Alleged leader of gun smuggling ring also tried to transport children, prosecutor says

Paula Villalva-Patricio
Paula Villalva-Patricio

A woman accused of being the mastermind in a firearm smuggling operation has also tried to illegally transport three people, two of them children, across the border between the United States and Mexico, a federal court document says.

Paula Villalva-Patricio, 57, is on trial in Gulfport on charges alleging she directed the illegal export of firearms from the U.S. to Mexico while she and her husband lived in Winston-Salem, North Carolina. She led the gun-smuggling ring from June 12, 2010, through November 2011, her indictment alleges.

She is accused of trying to smuggle several people into the U.S. since 1990, which led to the gun-smuggling conspiracy with which she is charged, U.S. Attorney Annette Williams wrote in a court document.

The document alleges Patricio was caught trying to smuggle a person at the San Clemente, California, point of entry on March 28, 1990. She was caught trying to smuggle a girl into the U.S. in July 1998, but was allowed to return the child to her mother. And in January 2002, she was caught trying to bring a one-year-old child, who was not her own, across the Laredo, Texas, point of entry. She was convicted in only one of those incidents, on a misdemeanor charge.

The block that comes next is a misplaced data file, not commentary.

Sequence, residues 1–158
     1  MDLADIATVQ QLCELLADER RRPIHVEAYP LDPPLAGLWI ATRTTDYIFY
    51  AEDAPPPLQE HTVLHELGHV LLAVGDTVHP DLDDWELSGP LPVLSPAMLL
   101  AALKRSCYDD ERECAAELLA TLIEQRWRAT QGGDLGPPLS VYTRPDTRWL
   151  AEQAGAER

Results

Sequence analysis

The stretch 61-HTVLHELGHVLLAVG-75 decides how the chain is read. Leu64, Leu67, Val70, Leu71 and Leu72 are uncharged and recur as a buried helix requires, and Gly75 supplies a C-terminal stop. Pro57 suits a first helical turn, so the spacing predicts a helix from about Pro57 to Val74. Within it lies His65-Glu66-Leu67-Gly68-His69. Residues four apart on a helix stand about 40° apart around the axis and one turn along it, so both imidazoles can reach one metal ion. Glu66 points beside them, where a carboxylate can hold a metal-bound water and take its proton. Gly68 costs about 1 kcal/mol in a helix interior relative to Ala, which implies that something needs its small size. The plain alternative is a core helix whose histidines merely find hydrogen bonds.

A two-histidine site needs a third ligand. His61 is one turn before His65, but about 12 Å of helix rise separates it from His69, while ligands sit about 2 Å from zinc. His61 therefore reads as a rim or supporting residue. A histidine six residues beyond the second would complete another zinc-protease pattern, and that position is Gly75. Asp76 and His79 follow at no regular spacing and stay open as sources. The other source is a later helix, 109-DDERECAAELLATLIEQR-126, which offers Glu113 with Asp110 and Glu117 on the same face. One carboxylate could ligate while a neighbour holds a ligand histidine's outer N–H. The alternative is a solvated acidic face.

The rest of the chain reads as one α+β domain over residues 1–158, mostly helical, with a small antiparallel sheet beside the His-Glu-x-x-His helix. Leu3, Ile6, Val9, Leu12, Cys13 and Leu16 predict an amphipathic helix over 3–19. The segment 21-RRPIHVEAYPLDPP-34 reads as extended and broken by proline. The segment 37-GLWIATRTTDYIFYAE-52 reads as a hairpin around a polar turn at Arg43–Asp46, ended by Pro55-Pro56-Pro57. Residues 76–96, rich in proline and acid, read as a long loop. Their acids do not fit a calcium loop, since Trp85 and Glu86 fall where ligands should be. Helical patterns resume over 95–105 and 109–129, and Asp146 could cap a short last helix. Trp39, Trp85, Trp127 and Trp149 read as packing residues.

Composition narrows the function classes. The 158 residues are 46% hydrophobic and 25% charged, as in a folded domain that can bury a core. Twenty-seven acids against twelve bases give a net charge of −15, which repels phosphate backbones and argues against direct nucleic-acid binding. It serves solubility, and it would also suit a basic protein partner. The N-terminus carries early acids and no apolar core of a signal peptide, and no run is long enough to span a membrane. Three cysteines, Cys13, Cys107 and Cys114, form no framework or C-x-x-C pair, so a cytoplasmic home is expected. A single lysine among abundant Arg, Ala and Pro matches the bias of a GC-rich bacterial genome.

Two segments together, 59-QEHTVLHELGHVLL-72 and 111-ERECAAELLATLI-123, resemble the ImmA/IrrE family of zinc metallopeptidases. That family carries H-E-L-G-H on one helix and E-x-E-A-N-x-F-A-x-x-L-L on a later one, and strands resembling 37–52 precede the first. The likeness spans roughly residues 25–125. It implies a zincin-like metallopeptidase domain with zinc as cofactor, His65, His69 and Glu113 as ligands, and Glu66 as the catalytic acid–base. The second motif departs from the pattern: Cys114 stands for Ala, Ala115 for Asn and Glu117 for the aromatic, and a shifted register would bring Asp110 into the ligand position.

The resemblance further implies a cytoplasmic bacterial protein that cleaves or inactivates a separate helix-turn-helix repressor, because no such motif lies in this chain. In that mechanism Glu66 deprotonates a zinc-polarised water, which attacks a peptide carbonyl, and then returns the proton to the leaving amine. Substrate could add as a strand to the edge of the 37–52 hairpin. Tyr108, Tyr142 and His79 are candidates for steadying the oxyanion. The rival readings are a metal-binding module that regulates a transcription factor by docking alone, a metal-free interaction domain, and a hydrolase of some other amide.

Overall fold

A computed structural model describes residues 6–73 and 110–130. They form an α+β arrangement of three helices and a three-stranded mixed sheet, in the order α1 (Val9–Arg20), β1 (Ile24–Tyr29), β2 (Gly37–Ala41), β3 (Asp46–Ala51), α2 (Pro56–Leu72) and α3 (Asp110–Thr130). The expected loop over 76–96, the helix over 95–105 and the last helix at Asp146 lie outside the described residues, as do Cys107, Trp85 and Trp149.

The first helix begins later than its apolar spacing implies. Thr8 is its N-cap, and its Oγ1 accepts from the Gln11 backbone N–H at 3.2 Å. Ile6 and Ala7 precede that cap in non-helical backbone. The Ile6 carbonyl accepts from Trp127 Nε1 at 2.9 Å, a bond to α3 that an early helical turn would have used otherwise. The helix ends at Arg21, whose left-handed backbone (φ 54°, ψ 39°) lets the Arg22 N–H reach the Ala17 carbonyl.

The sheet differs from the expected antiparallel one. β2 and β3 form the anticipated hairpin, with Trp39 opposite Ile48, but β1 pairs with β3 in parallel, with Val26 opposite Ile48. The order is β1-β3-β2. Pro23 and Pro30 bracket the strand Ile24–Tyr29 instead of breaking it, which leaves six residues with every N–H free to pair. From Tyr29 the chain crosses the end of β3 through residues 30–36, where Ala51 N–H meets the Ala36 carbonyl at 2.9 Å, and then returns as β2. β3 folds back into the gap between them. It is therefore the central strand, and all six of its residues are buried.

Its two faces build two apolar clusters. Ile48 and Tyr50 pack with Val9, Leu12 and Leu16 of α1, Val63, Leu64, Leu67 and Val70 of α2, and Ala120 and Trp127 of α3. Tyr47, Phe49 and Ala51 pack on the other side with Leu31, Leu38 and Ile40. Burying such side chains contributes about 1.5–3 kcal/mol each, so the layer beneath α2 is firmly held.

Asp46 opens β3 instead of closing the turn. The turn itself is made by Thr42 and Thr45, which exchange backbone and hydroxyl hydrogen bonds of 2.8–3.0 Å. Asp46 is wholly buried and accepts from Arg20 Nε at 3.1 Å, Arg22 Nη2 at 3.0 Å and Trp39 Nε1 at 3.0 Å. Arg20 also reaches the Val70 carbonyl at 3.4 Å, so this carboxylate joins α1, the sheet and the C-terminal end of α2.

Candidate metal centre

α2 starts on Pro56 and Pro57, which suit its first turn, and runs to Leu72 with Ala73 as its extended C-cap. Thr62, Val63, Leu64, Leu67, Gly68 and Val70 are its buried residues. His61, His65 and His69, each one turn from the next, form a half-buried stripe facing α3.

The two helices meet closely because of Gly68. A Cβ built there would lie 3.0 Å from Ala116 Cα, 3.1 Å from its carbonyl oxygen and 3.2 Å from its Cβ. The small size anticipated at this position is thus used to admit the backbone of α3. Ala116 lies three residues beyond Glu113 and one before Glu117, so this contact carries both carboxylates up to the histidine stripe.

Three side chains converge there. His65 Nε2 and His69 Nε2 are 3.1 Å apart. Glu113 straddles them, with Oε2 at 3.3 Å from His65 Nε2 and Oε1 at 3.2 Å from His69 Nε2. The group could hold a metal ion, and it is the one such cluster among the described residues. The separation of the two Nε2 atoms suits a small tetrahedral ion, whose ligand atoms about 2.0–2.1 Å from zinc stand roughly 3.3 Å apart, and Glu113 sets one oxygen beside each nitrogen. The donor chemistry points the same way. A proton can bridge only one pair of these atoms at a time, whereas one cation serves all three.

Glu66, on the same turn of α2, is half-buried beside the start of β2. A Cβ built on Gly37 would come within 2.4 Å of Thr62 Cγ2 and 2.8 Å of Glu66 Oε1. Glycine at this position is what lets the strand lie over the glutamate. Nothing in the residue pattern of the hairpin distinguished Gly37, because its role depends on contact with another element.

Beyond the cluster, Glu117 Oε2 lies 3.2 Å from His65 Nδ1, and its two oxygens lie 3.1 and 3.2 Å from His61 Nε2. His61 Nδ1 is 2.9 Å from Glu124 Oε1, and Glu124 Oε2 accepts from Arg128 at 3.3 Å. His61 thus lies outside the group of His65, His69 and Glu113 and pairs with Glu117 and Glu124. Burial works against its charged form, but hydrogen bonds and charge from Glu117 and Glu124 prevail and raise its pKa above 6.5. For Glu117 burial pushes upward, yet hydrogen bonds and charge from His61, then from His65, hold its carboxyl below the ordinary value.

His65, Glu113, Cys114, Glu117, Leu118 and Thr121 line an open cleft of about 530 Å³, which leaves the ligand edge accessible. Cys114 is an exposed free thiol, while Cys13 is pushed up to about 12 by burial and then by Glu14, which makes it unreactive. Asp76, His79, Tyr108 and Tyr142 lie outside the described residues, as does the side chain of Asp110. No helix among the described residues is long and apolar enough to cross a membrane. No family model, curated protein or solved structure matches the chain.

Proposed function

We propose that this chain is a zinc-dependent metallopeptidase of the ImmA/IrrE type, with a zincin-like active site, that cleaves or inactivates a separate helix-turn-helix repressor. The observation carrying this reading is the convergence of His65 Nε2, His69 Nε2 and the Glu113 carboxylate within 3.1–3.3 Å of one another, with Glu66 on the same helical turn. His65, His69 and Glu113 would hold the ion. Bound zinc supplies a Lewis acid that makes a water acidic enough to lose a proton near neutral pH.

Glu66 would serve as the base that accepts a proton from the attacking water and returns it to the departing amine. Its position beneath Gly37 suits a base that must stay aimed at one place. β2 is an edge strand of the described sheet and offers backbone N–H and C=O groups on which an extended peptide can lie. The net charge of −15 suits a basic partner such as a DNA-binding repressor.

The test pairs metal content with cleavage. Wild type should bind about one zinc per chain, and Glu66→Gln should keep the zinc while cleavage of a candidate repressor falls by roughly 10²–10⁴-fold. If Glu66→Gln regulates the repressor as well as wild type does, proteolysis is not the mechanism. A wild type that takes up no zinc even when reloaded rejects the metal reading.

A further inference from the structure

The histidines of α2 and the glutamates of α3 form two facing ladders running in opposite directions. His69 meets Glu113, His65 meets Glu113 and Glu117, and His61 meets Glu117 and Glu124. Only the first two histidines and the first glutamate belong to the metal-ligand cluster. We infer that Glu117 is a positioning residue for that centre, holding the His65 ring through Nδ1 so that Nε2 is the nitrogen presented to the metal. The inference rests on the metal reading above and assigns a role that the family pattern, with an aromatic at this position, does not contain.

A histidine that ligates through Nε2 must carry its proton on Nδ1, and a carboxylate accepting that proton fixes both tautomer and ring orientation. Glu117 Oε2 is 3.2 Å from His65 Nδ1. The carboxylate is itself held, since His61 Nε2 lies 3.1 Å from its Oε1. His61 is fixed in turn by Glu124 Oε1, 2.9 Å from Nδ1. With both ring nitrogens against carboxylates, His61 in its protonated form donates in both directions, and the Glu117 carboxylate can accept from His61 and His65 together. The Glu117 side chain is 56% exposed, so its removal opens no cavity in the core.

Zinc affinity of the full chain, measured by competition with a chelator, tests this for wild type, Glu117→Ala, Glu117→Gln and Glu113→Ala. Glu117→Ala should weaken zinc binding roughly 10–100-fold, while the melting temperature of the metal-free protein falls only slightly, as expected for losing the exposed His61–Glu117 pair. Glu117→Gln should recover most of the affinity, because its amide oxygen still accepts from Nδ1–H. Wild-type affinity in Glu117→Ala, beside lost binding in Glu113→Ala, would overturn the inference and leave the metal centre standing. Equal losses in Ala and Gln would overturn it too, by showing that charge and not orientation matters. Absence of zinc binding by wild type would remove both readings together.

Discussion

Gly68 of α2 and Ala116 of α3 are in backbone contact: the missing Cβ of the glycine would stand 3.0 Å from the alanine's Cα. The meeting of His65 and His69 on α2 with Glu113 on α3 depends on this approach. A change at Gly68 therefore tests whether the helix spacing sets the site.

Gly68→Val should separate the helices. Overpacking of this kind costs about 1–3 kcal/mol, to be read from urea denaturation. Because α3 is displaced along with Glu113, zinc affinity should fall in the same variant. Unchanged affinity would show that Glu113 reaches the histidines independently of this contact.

A Jackson County deputy stopped Patricio and her husband in August 2011 and found flak jackets and 9 mm pistols hidden in the Ford Ranger her husband was driving, records show. The deputy let the couple leave after a Homeland Security Investigations agent reportedly put a tracking device on the pickup.

Three months later, the deputy stopped the pickup again. The driver was Patricio’s nephew. Federal agents have said they seized nine rifles, five shotguns, eight pistols, 902 rounds of ammunition, 16 magazines, five shotgun barrels, six gun stocks and two scopes.

The jury for Patricio’s trial was selected July 10, the court docket shows. The trial continues this week, with Judge Sul Ozerden presiding.

Patricio’s husband, Jose Luis Santos-Garcia, and her nephew Javier Molina, of Greensboro, North Carolina, were each sentenced on smuggling charges in August 2012 following traffic stops and searches by a Jackson County deputy and a DEA Drug Task Force. Garcia is serving a prison term of eight years and one month. Molina is on probation after serving a five-year term.

All three are from Mexico and are listed as legal permanent U.S. residents.

Robin Fitzgerald: 228-896-2307, @robincrimenews